Jun 7, 2013



Ironman Brad Eastman

Roots and Athletic uncovering – Endurance

My name is Bradford Eastman and I’m originally from the Northeast.  Although I was born in New Hampshire, I spent most of my youth in upstate New York in the suburbs of Syracuse.  I’m the oldest of three, with both a brother and sister in their collegiate years.

I may not have quite the physical strength of some of the other athletes spotlighted by Iron Authority, but have plenty of endurance to fill the void as I am an endurance sports athlete within the sports of distance running and triathlon (three disciplines – swimming, cycling, and running).  I began running in middle school at age 12 when I joined both the cross country and track teams for the school I then attended in New York.  Prior to finding running I tried every sport to in search of my talent and acceptance, and finally found a home with running realizing my talent was endurance (manifested in all forms), and a community for which my personality would thrive.  Oddly enough, endurance has served as the foundation of not just my athletic career but also my personal and professional life and opened doors never thought imaginable.

Seven years ago, after leaving the “right coast” to follow my professional career to the Midwest and St. Louis area I was blessed with an opportunity to meet my now wife Sarah.  One thousand miles from home, and not a single friend in the area, I turned to what has always been home, the endurance sports community and discovered a true gem, my now wife of four years.  At the time, neither of us knew of each other, but both raced for the same team.  It wasn’t until a race in Memphis, Tennessee that my life changed and I met awesomeness in female form.  Little did I know that just a post race casual group conversation would turn into years of courting (endurance), ending happily married just three years later.

Brad Eastman

Enduring Enthusiasm – Passion and People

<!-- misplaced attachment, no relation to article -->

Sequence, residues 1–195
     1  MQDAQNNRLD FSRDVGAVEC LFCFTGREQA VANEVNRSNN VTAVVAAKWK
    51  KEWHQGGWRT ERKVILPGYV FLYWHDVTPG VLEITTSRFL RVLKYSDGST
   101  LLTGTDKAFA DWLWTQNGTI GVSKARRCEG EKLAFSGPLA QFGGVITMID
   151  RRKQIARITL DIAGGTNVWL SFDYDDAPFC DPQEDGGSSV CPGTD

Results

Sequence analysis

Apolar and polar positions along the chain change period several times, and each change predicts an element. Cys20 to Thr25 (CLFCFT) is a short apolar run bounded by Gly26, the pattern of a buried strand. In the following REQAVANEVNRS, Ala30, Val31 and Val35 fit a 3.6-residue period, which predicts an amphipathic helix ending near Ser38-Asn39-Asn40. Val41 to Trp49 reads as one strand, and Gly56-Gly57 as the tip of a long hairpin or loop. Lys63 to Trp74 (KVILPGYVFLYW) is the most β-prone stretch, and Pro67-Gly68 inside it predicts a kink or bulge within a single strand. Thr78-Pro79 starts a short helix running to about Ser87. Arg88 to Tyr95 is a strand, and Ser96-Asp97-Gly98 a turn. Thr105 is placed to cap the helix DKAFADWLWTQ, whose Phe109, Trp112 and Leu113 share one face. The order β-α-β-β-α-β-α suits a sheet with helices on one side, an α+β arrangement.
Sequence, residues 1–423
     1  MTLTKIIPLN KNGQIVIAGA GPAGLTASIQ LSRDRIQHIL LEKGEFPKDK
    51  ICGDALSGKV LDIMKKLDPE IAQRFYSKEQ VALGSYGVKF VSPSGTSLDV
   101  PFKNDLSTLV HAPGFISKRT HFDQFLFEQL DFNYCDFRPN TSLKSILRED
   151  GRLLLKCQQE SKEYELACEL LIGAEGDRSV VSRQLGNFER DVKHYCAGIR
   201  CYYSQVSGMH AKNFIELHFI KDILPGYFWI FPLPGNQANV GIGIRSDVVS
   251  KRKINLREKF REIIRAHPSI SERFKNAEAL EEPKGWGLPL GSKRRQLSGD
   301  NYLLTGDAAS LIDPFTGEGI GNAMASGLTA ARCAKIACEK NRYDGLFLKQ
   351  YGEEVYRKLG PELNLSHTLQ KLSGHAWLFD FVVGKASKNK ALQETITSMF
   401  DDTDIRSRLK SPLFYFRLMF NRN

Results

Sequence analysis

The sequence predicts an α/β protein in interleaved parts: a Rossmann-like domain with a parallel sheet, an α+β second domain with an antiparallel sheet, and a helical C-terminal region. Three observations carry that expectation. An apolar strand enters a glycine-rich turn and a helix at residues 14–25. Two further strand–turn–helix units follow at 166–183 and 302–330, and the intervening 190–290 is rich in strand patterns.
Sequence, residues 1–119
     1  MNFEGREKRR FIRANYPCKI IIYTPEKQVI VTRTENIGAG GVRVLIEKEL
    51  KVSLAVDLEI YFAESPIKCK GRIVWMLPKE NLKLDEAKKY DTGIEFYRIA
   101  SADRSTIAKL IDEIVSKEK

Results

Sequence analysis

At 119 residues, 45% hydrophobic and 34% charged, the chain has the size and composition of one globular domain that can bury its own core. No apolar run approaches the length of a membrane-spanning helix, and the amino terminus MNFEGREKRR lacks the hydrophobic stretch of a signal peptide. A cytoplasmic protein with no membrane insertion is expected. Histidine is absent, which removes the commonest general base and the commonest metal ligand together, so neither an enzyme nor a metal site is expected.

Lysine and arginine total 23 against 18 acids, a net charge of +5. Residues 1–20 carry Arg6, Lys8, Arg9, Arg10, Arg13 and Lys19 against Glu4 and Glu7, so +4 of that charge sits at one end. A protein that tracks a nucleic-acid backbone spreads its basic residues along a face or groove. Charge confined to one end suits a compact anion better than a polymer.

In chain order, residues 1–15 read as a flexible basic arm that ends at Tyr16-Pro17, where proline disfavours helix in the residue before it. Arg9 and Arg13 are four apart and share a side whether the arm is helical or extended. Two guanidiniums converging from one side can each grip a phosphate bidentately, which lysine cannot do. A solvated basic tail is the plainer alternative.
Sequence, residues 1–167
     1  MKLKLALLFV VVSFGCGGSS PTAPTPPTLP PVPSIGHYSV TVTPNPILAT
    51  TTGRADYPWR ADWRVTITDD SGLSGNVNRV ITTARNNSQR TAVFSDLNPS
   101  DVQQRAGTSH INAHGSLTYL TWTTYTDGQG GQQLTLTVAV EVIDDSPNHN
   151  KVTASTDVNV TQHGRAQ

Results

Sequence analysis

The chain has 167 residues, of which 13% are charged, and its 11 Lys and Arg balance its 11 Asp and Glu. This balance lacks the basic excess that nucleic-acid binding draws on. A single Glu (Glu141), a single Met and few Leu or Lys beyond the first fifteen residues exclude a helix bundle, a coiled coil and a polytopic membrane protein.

My passion for long distance running and triathlons is fueled by four main arteries.  The most obvious is the training.  There is no feeling in the world that can trump the feeling of being on top-of-the-world after enduring and persevering through a tough workout.  Complimenting the hard workouts is what the endurance sports community calls the “distance days” where it’s not about intensity, but rather what I see as an opportunity to truly embrace the activity (running, swimming, or cycling) and be one with your body, relax, and just let go of the world and let the mind wonder wherever it wants to go.  Of the quadripartite, my favorite aspect is that my wife shares the same passion for both sports as I do.  There is nothing better than sharing in a passion with a spouse.  Being able to train, complete, and live a lifestyle that fully embodies a healthy, drug-free, and active lifestyle is something truly special.  My wife and I have had the privilege of training and competing together in a number of high profile events including world class marathons, half marathons, Ironman triathlons, and Half Ironman triathlons and Olympic distance triathlons.  The last component is the community of people involved in these sports.  The endurance sports community is one unique to its own.  Since getting involved with the community in my youth, I have always found the community to be supportive, fun, good-spirited, and optimistic.  Competitors, training partners, or complete strangers, all are considered friends among this population, and that is not necessarily a trait found in other recognized sports that I’ve been witness to.  The close knit community is born out the individuality of the sport enhanced by the very nature of commonality and all must endure the same amount of pain (distance) regardless of demographics or physical condition.